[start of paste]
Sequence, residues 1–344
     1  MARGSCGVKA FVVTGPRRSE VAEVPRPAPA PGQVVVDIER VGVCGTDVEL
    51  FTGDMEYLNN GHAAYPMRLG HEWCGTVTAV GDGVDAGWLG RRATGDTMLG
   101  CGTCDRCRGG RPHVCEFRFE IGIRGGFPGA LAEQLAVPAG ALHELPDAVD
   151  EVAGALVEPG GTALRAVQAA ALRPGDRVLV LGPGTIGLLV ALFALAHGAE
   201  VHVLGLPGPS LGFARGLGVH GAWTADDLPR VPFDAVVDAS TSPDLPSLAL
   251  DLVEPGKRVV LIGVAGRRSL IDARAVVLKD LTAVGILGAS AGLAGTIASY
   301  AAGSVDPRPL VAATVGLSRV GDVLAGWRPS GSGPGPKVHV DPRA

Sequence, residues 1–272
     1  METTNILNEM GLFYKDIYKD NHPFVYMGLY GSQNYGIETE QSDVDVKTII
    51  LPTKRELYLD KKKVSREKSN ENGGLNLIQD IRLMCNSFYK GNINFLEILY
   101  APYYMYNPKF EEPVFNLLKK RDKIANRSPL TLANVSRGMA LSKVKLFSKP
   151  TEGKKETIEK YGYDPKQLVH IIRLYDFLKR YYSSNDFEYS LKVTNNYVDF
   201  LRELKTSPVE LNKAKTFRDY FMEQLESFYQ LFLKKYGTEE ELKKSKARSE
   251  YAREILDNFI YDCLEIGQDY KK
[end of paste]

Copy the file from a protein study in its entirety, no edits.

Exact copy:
Sequence, residues 1–344
     1  MARGSCGVKA FVVTGPRRSE VAEVPRPAPA PGQVVVDIER VGVCGTDVEL
    51  FTGDMEYLNN GHAAYPMRLG HEWCGTVTAV GDGVDAGWLG RRATGDTMLG
   101  CGTCDRCRGG RPHVCEFRFE IGIRGGFPGA LAEQLAVPAG ALHELPDAVD
   151  EVAGALVEPG GTALRAVQAA ALRPGDRVLV LGPGTIGLLV ALFALAHGAE
   201  VHVLGLPGPS LGFARGLGVH GAWTADDLPR VPFDAVVDAS TSPDLPSLAL
   251  DLVEPGKRVV LIGVAGRRSL IDARAVVLKD LTAVGILGAS AGLAGTIASY
   301  AAGSVDPRPL VAATVGLSRV GDVLAGWRPS GSGPGPKVHV DPRA

Sequence, residues 1–272
     1  METTNILNEM GLFYKDIYKD NHPFVYMGLY GSQNYGIETE QSDVDVKTII
    51  LPTKRELYLD KKKVSREKSN ENGGLNLIQD IRLMCNSFYK GNINFLEILY
   101  APYYMYNPKF EEPVFNLLKK RDKIANRSPL TLANVSRGMA LSKVKLFSKP
   151  TEGKKETIEK YGYDPKQLVH IIRLYDFLKR YYSSNDFEYS LKVTNNYVDF
   201  LRELKTSPVE LNKAKTFRDY FMEQLESFYQ LFLKKYGTEE ELKKSKARSE
   251  YAREILDNFI YDCLEIGQDY KK